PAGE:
A restrained comedy that proposes the game of chess as sexual ritual.
Reviewed for MovieWeb by Harvey Karten
Directed By: Caroline Bottaro
Written By: Caroline Bottaro, from Bertina Henrichs' novel "The Chess Player"
Cast: Sandrine Bonnaire, Kevin Kline, Francis Renaud, Jennifer Beals, Valérie Lagrange, Alexandra Gentil
Screened at: Review 1, NYC, 3/22/11
Opens: April 1, 2011
Chess has been around for a while, so we can safely assume it's a great game. But is chess better than sex? Bobby Fischer might have thought so and so do some folks in "Queen to Play," Caroline Bottaro's freshman feature-length entry, one that finds Kevin Kline as we have never before seen him. Based on Bertina Henrichs' novel, "The Chess Player" and adapted for the screen by the director, "Joueuse" (French for "player") takes place on the beautiful island of Corsica, a location that its principal character had never thought of leaving (and for which a lot of people would have been better off if Napoleon thought the same way).
This feel-good, oddball comedy which involves largely good talk and only the modest physical action involved in playing chess and cleaning rooms, finds Hélène (Sandrine Bonnaire), a middle-aged maid in a small but elegant hotel, reinventing a life that she thought would never change-making beds, fixing food for her dock-working husband, Ange (Francis Renaud), and a target of insults from her teen daughter who insists that she will "never be like" her prole parents. While cleaning a room in the hotel, she sneaks some looks at an American woman (Jennifer Beals) and her lover, (Dominic Gould). The Americans lean their heads into each other, holding hands, and treating the checkerboard as though it were a variety of sex illustrated in the Kama Sutra. Turned on by their excitement, she uses her free time to study the game of chess, gets tutored by Dr. Kröger (Kevin Kline), a reclusive American expatriate, fending off the envious criticism of her husband-who has followed her to the doctor's house and spies on the two so engrossed in the game that her husband considers the activity a form of infidelity.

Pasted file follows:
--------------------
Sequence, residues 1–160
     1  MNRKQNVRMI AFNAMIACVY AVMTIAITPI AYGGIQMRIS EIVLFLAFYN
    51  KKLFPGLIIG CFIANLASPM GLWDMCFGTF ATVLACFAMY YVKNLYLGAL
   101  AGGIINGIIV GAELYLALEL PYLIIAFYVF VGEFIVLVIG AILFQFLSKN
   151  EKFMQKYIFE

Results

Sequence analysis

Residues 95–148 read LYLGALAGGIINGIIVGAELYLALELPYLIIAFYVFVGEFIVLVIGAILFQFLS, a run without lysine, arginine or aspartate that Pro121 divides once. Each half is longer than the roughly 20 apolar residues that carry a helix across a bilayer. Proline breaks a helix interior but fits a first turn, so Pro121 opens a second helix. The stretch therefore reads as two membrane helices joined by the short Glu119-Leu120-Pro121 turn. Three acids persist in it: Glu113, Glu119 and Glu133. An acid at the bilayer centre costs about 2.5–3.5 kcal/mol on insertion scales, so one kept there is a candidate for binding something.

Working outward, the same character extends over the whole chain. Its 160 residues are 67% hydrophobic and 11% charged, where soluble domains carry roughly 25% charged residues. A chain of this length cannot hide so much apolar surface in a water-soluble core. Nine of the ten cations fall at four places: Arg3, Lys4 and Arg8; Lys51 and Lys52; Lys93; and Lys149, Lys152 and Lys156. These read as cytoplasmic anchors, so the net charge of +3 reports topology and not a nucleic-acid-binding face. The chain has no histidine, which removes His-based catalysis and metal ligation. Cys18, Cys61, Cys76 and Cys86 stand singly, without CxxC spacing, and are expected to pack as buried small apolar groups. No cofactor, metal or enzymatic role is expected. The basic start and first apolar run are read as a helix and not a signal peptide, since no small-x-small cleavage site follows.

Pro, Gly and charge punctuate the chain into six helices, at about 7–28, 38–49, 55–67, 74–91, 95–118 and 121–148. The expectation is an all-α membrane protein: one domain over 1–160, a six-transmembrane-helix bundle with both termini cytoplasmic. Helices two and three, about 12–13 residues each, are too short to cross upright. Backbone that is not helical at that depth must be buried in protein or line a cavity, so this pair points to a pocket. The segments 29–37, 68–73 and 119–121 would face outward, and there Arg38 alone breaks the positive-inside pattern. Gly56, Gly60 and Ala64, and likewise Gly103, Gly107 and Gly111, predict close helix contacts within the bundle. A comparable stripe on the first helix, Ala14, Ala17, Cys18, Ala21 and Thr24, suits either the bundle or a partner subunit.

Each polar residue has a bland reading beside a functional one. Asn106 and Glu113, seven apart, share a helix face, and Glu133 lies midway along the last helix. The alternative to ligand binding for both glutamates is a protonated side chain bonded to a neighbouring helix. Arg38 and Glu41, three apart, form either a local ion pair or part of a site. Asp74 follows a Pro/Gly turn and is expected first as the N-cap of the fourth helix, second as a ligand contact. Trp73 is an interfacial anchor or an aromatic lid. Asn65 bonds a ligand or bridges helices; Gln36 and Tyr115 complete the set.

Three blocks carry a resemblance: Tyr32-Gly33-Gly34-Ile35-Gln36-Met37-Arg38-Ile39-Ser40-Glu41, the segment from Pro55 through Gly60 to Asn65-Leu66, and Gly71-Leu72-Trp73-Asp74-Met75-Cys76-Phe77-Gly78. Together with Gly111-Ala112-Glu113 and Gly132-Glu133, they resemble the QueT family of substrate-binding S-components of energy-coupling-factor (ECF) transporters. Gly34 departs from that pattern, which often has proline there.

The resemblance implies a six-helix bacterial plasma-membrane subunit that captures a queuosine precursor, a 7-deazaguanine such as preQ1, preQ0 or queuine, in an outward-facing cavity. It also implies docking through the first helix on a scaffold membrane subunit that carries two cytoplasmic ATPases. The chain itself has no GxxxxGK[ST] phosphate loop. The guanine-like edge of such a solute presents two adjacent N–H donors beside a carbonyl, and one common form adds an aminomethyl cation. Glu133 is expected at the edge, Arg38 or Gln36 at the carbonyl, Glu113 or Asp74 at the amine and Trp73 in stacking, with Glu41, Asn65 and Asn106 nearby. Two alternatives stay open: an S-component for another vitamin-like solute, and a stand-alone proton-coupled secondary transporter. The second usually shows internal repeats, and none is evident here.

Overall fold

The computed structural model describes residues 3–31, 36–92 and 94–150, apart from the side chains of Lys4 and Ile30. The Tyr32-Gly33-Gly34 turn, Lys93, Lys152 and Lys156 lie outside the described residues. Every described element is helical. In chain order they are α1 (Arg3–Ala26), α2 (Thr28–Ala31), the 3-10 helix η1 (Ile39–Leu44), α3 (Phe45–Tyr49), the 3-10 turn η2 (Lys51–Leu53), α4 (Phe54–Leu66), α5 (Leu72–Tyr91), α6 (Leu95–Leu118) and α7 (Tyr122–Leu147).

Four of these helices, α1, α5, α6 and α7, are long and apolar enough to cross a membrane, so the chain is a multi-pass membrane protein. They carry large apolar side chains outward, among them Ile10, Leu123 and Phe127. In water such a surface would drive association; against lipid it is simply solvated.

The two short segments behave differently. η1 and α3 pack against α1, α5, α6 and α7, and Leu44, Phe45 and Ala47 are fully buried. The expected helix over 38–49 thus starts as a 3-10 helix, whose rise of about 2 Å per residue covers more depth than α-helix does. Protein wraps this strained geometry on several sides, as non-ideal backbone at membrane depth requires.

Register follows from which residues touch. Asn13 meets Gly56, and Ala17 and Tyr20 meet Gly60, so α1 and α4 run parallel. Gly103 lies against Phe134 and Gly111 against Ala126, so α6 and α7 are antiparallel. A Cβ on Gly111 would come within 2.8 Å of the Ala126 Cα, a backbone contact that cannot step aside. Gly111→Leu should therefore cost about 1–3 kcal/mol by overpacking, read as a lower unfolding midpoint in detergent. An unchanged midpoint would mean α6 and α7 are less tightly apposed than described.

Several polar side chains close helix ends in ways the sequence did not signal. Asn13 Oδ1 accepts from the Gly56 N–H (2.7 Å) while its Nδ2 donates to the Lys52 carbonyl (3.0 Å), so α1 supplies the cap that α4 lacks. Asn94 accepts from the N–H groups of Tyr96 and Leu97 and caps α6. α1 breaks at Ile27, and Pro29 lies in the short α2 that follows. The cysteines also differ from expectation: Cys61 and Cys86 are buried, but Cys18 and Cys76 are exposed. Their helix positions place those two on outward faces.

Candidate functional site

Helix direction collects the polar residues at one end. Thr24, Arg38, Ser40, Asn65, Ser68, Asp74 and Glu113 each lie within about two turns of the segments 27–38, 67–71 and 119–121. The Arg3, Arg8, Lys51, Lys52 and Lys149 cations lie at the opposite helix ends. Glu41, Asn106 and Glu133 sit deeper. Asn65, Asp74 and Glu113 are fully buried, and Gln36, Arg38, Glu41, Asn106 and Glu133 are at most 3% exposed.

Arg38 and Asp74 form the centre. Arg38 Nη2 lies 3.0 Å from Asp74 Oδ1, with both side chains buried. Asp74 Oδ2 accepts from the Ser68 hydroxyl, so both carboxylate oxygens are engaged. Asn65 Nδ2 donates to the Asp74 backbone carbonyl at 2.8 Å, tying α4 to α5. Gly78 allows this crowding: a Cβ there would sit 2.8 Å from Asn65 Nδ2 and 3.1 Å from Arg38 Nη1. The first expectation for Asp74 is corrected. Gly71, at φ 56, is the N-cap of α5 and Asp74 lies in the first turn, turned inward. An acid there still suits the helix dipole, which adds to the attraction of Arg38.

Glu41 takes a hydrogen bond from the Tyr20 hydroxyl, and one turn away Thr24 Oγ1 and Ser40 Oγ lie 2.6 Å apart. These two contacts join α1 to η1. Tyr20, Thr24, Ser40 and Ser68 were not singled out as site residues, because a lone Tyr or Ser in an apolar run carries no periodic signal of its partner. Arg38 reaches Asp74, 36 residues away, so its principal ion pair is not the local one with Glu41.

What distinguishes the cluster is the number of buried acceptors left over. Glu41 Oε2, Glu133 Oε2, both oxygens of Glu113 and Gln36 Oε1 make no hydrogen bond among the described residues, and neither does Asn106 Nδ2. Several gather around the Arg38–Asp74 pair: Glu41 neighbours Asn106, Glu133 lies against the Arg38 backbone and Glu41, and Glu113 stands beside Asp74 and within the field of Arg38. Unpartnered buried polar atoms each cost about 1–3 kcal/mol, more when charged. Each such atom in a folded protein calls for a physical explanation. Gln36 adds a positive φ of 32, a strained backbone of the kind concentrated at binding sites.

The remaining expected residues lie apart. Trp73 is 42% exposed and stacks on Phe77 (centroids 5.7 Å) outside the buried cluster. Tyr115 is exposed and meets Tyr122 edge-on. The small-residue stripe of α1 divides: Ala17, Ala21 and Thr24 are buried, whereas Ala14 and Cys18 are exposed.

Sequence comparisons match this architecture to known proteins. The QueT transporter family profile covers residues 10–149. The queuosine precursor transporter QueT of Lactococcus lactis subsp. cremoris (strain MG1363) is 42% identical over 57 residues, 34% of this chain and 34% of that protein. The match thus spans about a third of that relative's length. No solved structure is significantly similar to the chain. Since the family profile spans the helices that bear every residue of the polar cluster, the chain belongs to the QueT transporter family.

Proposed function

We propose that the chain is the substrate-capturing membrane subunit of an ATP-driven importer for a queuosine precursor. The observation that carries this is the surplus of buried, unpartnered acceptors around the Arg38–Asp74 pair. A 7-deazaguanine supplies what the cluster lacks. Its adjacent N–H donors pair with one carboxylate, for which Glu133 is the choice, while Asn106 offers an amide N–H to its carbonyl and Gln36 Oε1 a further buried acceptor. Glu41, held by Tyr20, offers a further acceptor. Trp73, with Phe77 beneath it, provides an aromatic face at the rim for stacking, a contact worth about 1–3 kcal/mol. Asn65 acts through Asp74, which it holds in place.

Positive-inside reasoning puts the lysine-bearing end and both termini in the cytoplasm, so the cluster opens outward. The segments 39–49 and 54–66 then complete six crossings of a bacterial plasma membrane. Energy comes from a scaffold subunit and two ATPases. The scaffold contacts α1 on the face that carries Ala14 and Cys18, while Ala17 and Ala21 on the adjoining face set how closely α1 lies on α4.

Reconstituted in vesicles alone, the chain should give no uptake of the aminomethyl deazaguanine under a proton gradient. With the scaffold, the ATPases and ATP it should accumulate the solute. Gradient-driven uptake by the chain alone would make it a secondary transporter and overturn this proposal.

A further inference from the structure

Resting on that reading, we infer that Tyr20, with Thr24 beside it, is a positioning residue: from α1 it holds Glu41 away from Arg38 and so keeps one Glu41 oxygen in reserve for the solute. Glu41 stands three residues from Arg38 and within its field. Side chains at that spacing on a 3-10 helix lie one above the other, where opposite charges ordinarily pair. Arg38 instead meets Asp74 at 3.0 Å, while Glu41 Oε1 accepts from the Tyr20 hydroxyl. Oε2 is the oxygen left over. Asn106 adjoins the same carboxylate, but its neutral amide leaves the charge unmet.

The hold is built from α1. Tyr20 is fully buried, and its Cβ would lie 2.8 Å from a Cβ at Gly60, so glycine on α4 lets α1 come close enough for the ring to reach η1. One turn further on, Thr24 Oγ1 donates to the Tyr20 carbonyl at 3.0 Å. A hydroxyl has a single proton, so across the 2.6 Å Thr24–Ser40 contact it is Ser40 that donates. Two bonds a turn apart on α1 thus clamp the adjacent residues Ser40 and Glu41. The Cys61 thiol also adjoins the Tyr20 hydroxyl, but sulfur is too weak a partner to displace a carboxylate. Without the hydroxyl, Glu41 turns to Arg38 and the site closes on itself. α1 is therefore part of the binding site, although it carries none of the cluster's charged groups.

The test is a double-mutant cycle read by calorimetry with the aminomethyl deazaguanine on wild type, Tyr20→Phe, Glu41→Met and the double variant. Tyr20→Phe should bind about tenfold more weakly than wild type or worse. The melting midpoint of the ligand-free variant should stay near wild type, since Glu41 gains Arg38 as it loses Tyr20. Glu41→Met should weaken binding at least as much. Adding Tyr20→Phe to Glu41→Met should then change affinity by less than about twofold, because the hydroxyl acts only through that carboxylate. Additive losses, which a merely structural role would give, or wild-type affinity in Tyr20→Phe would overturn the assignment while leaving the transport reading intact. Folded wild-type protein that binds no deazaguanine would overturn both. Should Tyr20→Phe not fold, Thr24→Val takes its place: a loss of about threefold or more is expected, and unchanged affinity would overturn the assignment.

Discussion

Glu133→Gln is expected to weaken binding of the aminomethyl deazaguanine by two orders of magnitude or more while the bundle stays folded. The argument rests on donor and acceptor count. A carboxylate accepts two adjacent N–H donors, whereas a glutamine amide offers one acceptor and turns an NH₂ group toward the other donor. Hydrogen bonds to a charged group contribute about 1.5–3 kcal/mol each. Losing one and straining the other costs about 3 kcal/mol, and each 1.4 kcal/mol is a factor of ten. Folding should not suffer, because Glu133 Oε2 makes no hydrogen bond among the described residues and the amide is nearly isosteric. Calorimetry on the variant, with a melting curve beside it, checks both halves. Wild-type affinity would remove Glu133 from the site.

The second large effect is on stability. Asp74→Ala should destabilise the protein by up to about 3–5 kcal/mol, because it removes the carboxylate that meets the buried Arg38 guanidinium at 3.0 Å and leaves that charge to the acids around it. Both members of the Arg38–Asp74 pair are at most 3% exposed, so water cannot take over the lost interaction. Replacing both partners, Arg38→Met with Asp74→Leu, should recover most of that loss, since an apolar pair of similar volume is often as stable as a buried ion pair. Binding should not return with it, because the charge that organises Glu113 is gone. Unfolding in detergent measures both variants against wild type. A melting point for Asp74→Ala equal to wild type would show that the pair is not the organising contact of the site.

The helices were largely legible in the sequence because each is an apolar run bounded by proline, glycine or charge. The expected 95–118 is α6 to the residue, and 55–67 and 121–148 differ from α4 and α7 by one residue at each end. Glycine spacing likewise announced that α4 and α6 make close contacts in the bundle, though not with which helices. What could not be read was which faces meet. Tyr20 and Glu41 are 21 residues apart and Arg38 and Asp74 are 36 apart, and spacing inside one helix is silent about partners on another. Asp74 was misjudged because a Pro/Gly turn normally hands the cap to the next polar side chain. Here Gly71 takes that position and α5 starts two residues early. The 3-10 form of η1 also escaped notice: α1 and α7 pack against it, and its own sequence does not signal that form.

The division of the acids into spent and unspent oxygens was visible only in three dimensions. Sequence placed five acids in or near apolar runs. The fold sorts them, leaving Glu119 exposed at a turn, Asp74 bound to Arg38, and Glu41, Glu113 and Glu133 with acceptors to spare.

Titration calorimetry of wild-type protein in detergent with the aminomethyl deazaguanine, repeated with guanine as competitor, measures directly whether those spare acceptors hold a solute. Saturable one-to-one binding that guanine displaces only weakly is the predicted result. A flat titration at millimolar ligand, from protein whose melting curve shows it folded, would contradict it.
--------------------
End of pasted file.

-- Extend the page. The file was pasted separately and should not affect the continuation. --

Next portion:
Though director Bottaro has stated that she does not consider this a feminist movie, we see considerable evidence that the message of women power is clear. The Queen on the chessboard is the most powerful figure, a fact that Hélene notes with pride. The two women, mother and daughter, appear determined to change their status as Corsican drudges. Hélène is so wrapped up in the game that she evens dreams chess, finding herself on a giant, checkerboard floor thinking of her moves, watching the squares turn black one by one.
"Queen to Play" is restrained despite the erotic excitement that chess has provided for Hélène, a thrill that urges her to try to seduce her hard-working husband. For his part, Ange is fond of his wife, holding back from any punishment save verbal criticism of her coming home late, even deciding that the electronic board, a gift from Hélene, is not something to be dismissed. Though not the sorts of shots to lead to an "R" rating, the sexiest scene finds Hélene engaging in a game of chess with Kröger without a board, sitting close to each other, each stating a move not so much as foreplay as for a virtual sexual consummation. The principal characters all win. Hélène revives her marriage, the reclusive doctor enjoys a few months of the human companionship he has tried to avoid, and Ange gains new pride in his wife's accomplishments.
Unrated. 101 minutes. © 2011 by Harvey Karten Member: NY Film Critics Online